Smile Bright: What is Gum Disease? What Causes Gum Disease? Signs of Gum Disease

Gum disease is a common oral health concern that many of us may not pay enough attention to.We often focus on keeping our teeth clean and cavity-free, but the health of our gums is equally important.

This blog will tell you all you need to know about gum disease: exploring what it is, the types, its causes, signs to watch out for, and most importantly, how to treat it. Additionally, we'll touch on some tips for managing gum disease without a visit to the dentist.

What is gum disease?

Gum disease, also known as periodontal disease, is an infection of the tissues that surround and support your teeth. It typically starts with the accumulation of plaque, a sticky film of bacteria that forms on your teeth. If not removed through regular brushing and flossing, this plaque can harden into tartar, leading to inflammation of the gums.

Types of gum diseases

Gum diseases encompass a range of conditions, each with its own characteristics and severity. The two primary types are gingivitis and periodontitis.

Gingivitis - This is the early and milder stage of gum disease. It is often characterised by red, swollen gums that may bleed easily, especially during brushing or flossing. Gingivitis is usually reversible with improved oral hygiene practices and regular dental cleanings. If left untreated, however, it can progress to a more severe form of gum disease.

Periodontitis - When gingivitis advances, it can develop into periodontitis, a more serious and potentially irreversible condition. Periodontitis is marked by the inflammation of the supporting structures around the teeth, including the bone. As the disease progresses, pockets may form between the teeth and gums, leading to further bacterial growth and damage. Periodontitis can result in tooth loss if not properly managed through professional dental treatments and enhanced oral care at home.

Causes of gum disease

Understanding why gum disease occurs is vital for prevention. The main culprit is the bacteria present in plaque. When plaque accumulates on your teeth, it can irritate your gums, making them red, swollen, and prone to bleeding. If left untreated, gum disease can advance to more severe stages, potentially leading to tooth loss.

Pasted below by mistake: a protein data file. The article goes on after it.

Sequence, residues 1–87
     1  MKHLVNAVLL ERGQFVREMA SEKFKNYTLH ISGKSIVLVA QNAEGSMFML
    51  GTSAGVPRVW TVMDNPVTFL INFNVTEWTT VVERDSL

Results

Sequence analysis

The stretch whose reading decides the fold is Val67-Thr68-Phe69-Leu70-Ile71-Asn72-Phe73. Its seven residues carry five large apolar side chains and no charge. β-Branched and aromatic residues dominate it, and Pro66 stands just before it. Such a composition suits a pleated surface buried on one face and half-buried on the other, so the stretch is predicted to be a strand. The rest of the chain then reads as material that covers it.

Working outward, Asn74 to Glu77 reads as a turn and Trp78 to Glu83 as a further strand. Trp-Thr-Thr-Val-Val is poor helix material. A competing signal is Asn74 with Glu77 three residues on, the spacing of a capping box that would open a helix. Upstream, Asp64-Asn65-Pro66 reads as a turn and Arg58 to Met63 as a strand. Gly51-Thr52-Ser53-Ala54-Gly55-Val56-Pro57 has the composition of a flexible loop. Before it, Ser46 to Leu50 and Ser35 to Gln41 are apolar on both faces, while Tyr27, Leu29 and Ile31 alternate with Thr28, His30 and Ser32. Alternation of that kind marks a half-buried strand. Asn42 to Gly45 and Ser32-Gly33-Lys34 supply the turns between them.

Poor oral hygiene - Inconsistent or inadequate oral care routines can leave plaque on your teeth, paving the way for gum disease.

Smoking and tobacco use - Smoking weakens your immune system and makes it harder for your body to fight off gum infections.

Genetics - Some people may be genetically predisposed to gum disease. If your family has a history of periodontal issues, it's essential to be vigilant about your oral health.

Certain health conditions - Conditions such as diabetes and autoimmune disorders can increase the risk of gum disease.

Signs of gum disease

Recognising the signs of gum disease early on is crucial for effective intervention. Keep an eye out for the following signs:

Bleeding gums: Healthy gums shouldn't bleed during regular brushing or flossing. If you notice blood, it could be a sign of gum inflammation.

Swollen or red gums: Inflammation can cause your gums to become swollen and appear redder than usual.

Persistent bad breath: Bacteria associated with gum disease can also produce unpleasant odours, leading to persistent bad breath.

Receding gums: As gum disease progresses, you may notice that your gums are pulling away from your teeth, exposing more of the tooth's surface.

Loose or shifting teeth: Advanced gum disease can result in the loss of bone support, causing your teeth to become loose or shift in position.

How to treat gum disease

Fortunately, gum disease can be treated, especially if detected early. Here are some important steps to address gum disease:

Good oral hygiene
As we mentioned earlier, gum disease is mainly caused by the bacteria in your mouth. Thus, the foundation of its treatment is a robust oral care routine. Brush your teeth at least twice daily, floss every day, and use an antiseptic mouthwash to reduce bacteria.